Complex Pattern Keeps East Coast Forecast Less Than Certain

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Even today there remain questions about what is likely to happen regarding the storm system moving across the Plains this morning and targeting the Midwest later tomorrow, the Mid-Atlantic Wednesday and then off the East Coast on Thursday, although the focus is becoming more clear than it was yesterday. It’s a complicated pattern as the Plains low follows quickly on the heels of a low pressure area now moving off to Nova Scotia as it brings snow to New England. Additionally, an area of strong high pressure moves into eastern Canada by the end of the week; it’s position and strength will directly influence the track of the low as it reaches the Mid-Atlantic in 72 hours time.

For now, the European numerical model and the American GFS model are showing some agreement in their solutions and this is the beginning of a hopeful consensus. However the two models vary significantly once the low moves off the coast. As mentioned above, there’s a lot going on: two low pressure areas and a following high. By the end of the week, the GFS takes the low offshore and then northeast in a pattern that could bring more snow — and potentially significant freezing rain — to the Northeast, especially Rhode Island and Massachusetts. Europe’s ECMWF model, on the other hand, takes the low almost due east from the coast of Virginia. Longtime readers of YourWeatherBlog know the ECMWF typically has the most reliable record, while the GFS sometimes flip-flops quite a bit before finally coming to a near-agreement with the Euro solution.

Lastly, all this talk of snow and freezing rain might lead one to think it’s still winter. Technically, it remains winter until the Vernal Equinox on the 20th of March when spring officially kicks off. However, we’re already seeing the first signs of spring across many areas of the country but especially southern states east of the Rocky Mountains where, out my Houston window, strong southerly winds are leading to temperatures that are quite mild and pleasant. But let’s not forget that with spring comes the high likelihood of severe weather and with this in mind, the National Weather Service’s Severe Weather Awareness Week is now underway. Visit the website for more information about severe weather, knowing your risk, building an emergency kit and an emergency plan and much more. Each day this week features a different topic.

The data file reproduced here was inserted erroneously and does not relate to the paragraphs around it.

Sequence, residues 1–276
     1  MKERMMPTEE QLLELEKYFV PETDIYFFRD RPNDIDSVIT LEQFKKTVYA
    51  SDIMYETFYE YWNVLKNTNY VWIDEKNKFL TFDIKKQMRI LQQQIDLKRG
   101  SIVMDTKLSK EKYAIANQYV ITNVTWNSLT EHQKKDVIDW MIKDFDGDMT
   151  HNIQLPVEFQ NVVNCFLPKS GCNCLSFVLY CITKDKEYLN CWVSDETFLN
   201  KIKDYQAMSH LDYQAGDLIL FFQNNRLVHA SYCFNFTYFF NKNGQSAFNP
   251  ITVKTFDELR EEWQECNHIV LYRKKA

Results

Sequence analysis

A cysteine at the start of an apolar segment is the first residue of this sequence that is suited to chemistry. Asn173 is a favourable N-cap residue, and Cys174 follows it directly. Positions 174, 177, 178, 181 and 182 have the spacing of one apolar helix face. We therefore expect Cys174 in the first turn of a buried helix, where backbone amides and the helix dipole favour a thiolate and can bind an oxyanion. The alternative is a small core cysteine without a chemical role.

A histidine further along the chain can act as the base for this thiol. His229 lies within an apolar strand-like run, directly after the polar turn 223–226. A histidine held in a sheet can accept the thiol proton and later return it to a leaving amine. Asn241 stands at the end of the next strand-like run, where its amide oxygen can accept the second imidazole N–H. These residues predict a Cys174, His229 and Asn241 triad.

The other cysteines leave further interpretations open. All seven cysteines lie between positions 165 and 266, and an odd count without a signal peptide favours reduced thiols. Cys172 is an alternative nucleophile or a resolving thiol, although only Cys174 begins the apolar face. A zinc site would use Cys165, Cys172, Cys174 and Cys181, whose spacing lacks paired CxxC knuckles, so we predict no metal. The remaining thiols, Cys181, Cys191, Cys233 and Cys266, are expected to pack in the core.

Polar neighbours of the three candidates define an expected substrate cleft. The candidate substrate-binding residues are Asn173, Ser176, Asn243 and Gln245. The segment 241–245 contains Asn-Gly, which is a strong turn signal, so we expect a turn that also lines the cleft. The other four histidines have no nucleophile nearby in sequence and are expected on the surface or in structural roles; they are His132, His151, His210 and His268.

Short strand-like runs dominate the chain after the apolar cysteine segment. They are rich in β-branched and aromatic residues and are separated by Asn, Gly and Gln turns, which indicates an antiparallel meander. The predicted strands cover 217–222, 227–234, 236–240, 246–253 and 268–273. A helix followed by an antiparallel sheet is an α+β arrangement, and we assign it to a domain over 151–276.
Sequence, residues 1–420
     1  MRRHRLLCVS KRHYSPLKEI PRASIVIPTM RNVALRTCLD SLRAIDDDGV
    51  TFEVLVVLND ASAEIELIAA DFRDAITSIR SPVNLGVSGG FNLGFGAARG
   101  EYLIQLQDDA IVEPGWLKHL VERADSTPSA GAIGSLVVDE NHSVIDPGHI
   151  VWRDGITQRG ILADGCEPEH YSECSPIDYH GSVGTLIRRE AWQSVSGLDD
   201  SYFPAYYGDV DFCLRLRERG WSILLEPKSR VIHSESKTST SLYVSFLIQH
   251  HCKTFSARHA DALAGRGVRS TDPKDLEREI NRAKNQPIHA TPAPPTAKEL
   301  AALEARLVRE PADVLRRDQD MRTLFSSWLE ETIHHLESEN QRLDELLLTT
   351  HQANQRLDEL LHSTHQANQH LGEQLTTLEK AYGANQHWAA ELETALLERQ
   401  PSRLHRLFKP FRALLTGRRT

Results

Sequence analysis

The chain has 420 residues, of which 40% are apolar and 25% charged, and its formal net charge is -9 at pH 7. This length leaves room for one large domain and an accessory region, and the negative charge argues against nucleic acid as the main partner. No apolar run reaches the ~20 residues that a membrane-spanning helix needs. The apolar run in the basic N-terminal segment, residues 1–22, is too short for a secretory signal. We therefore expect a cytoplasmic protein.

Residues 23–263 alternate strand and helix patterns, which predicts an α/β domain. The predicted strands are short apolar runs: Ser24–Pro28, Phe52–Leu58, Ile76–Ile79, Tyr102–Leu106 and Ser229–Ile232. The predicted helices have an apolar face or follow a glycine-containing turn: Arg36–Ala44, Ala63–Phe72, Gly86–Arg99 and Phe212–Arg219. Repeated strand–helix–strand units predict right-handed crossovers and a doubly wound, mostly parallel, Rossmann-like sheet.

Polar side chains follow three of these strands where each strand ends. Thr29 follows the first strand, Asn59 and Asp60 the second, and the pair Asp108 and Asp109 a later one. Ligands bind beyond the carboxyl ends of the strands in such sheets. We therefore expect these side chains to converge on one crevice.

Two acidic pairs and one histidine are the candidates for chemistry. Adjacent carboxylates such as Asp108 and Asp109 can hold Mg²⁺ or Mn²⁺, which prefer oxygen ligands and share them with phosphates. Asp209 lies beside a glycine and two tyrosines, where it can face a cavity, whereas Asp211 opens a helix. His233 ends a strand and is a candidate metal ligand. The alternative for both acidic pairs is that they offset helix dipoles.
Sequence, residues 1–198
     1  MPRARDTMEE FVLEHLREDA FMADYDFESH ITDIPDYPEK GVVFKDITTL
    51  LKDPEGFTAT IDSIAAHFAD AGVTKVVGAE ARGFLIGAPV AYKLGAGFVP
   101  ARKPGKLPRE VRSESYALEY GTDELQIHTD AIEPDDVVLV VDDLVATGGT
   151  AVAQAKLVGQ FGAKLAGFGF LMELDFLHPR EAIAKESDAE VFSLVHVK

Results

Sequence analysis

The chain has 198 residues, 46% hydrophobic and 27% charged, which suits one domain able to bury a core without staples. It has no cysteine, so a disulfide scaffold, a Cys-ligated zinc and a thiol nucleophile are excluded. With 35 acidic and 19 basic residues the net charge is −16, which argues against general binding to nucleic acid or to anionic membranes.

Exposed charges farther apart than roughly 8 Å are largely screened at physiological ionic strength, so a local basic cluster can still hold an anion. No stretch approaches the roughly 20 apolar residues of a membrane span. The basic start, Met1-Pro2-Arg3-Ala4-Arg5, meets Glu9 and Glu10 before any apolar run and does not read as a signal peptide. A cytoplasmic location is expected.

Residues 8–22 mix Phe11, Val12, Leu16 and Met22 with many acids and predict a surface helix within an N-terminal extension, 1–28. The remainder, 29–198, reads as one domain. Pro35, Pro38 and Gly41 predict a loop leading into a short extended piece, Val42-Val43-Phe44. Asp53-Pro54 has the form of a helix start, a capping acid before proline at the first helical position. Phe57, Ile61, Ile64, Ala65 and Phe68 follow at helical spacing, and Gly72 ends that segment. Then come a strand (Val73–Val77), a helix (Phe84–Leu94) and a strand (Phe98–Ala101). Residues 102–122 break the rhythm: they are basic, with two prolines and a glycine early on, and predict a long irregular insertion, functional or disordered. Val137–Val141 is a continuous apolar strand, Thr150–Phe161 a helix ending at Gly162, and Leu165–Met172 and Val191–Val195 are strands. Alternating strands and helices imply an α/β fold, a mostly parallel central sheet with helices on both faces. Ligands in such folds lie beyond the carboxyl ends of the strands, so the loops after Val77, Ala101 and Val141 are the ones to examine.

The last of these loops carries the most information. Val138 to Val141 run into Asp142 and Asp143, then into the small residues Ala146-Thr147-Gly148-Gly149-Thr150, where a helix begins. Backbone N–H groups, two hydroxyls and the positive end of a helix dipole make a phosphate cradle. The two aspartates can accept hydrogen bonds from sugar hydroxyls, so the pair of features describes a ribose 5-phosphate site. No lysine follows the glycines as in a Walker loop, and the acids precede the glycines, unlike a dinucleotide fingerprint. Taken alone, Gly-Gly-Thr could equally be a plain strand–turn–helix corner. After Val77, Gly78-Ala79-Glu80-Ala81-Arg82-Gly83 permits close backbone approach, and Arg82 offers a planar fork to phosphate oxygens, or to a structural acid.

Snowfall will continue across southern Saskatchewan, Manitoba and the Dakotas through Tuesday morning as low pressure pushes southward out of southern Canada. This system will continue to spread snow as well as gusty winds across the Midwest, Ohio Valley and eventually the East today through Wednesday. This system is expected to bring a swath of 4-8 inches of snow from the Northern Plains, Midwest, and southern Great Lakes Region today and into Tuesday with locally higher amounts of up to 10-14 inches possible. On Wednesday, the system will bring snowfall across the Ohio Valley and eventually offshore the East Coast with snowfall totals of 6-10 inches possible and isolated higher totals up to 1-2ft possible across the higher elevations of the Central Appalachians.

Snowfall will continue across southern Saskatchewan, Manitoba and the Dakotas through Tuesday morning as low pressure pushes southward out of southern Canada. This system will continue to spread snow as well as gusty winds across the Midwest, Ohio Valley and eventually the East today through Wednesday. This system is expected to bring a swath of 4-8 inches of snow from the Northern Plains, Midwest, and southern Great Lakes Region today and into Tuesday with locally higher amounts of up to 10-14 inches possible. On Wednesday, the system will bring snowfall across the Ohio Valley and eventually offshore the East Coast with snowfall totals of 6-10 inches possible and isolated higher totals up to 1-2ft possible across the higher elevations of the Central Appalachians. Click for larger size. Image: ImpactWeather

The Euro model shows the potential for 18 inches of snow especially in the mountains of West Virginia. Indicated in millmeters of water, the conversion to snow is indicated by the bold numbers placed on the image. Image: StormGeo

The Euro model shows the potential for 18 inches of snow especially in the mountains of West Virginia. The colored scale is in millimeters of liquid equivalent (see scale in upper right), but the conversion to inches of snow is indicated by the bold numbers placed on the image. Click for larger size. Image: StormGeo

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